Over a year ago, I wrote one of my first 5 Faves posts on my favorite specialized travel guides. (By specialized guides, I mean books that focus on one specific topic or area of expertise, whether that be the best traditional inns or detailed introductions to a specific neighborhood or prefecture.) Since that post, I’ve continued to collect a number of other additional guides. (Like I said before. Guidebook junkie. Clearly unreformed.)
I’ve posted some of these finds to the Uncover Japan facebook page over the past few months, but if you didn’t manage to catch them, here are the latest specialty guides gracing my shelves:
- Kyoto Machiya Restaurant Guide by Judith Clancy – At the end of the 20th century, an organized effort to preserve Kyoto’s individual old merchant’s homes arose. While originally focusing on converting properties into rental homes, the new trend has been to refurbish Kyoto’s machiya into atmospheric cafes and restaurants. This guide highlights some of the more memorable machiya eateries in Kyoto; on my last trip, it steered me to two unforgettable meals.
- Food Sake Tokyo by Yukari Sakamoto – The author’s experience as a culinary professional and a former depachika (department store food floor) employee in Tokyo made her the perfect person to write this guide. Expect a comprehensive overview of the foods used in Japanese cuisine, as well as suggestions of eateries for various Tokyo neighborhoods. Her advice helped me avoid a three hour wait time for breakfast at Tsukiji Market last month.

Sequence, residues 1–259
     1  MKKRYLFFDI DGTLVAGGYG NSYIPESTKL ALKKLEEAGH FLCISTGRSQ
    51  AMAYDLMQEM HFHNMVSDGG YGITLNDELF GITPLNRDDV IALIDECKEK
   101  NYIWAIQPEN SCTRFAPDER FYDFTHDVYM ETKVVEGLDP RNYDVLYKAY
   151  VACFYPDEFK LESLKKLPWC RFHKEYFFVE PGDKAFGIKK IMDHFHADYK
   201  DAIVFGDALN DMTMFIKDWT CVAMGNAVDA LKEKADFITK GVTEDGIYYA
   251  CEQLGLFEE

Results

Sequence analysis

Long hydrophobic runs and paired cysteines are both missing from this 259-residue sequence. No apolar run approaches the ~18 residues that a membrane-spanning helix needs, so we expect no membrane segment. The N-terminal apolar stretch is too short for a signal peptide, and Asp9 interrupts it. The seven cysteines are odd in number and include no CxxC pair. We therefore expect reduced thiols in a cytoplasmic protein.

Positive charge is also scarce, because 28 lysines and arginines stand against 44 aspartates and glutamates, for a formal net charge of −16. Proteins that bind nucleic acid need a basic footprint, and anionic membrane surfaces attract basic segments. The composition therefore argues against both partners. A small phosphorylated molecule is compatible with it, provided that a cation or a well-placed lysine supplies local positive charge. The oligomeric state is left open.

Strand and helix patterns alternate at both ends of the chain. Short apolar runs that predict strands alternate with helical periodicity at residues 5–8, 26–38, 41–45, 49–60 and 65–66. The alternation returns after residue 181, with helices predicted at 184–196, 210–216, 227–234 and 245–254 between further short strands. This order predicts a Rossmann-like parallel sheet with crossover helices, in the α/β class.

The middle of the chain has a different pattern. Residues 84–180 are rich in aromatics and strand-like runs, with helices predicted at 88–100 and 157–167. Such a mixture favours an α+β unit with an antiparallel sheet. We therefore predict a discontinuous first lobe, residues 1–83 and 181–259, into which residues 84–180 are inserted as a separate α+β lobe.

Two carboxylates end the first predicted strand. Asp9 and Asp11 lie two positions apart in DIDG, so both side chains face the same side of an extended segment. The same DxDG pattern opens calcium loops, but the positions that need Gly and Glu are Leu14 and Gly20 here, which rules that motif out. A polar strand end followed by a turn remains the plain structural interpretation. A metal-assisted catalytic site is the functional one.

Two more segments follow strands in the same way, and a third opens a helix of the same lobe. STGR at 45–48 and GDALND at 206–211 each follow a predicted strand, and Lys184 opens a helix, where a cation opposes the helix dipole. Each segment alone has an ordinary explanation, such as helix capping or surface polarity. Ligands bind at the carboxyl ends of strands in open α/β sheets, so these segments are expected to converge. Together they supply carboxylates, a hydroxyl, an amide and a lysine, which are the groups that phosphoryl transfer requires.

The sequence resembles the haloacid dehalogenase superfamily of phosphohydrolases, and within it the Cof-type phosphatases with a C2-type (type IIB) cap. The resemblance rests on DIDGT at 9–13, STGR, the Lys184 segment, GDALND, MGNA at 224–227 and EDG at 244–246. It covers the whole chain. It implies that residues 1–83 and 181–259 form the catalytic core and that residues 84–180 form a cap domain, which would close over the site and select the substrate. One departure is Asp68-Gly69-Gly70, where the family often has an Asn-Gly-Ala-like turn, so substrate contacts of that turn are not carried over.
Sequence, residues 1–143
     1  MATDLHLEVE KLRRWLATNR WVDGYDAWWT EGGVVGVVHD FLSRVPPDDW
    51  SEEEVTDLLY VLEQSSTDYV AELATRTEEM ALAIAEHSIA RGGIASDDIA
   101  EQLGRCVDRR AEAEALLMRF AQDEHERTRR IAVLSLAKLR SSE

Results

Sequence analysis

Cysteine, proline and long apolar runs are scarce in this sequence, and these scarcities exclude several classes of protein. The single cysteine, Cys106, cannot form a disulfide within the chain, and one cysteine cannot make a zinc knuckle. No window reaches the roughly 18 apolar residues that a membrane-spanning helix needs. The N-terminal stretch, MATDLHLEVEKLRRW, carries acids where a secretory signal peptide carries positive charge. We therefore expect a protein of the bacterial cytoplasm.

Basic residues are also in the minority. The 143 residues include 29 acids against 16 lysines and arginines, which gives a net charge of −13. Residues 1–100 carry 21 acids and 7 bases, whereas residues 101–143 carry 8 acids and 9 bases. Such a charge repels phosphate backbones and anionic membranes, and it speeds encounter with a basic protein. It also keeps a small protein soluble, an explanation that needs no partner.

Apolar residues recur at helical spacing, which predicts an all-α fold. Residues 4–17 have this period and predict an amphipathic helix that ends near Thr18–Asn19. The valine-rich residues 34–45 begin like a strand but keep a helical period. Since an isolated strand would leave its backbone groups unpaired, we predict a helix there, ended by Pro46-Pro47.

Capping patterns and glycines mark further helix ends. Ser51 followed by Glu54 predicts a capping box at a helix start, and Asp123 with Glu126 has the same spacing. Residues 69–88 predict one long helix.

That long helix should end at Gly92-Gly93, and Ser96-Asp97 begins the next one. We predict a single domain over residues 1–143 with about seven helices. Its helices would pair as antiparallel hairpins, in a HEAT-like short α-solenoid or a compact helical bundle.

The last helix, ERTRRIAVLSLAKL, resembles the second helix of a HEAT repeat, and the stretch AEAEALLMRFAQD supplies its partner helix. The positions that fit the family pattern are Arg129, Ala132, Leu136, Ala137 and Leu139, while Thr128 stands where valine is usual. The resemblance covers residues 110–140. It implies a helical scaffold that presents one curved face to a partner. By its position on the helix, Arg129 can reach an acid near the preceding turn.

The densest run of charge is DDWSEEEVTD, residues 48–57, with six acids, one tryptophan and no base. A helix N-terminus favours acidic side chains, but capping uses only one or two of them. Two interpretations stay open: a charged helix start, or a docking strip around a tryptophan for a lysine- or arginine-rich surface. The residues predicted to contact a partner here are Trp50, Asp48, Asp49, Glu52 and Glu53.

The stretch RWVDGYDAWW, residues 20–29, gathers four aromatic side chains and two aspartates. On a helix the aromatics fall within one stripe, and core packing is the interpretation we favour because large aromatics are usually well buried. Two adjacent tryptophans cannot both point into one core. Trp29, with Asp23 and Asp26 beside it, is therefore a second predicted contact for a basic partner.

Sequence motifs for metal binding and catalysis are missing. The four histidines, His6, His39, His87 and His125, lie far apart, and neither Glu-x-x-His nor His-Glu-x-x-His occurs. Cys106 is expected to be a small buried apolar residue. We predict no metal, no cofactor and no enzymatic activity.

- A Flower Lover’s Guide to Tokyo by Sumiko Enbutsu – I loved Sumiko Enbutsu’s walking guide to Tokyo and I am a confirmed fan of Japanese gardens, so it was only natural that I gravitated to this guide. Organized by month, the book provides a history of each bloom in Japanese culture as well as a few selected spots for flower viewing.
- Kyoto: City of Zen by Judith Clancy – Clancy’s writing is solid in this small-size coffee table choice, but it’s the photography by Ben Simmons that really makes this a worthwhile addition to my library. It certainly brought to my attention – in a beautifully vivid way – the sights I have yet to see in Kyoto.
- Osaka Insider by Patrick Mackey – This is the least favorite of my new acquisitions but as regional guides to Osaka are virtually nonexistent, I hoped it would be worth ordering. The organization and lack of pictures in the guide is not to my liking, but this is a self-published effort on the part of Mackey, long time Japan resident and blogger on Osaka and Fukuoka, and his passion for his former home city shows. I’ll put it to the test on my trip to Osaka this week.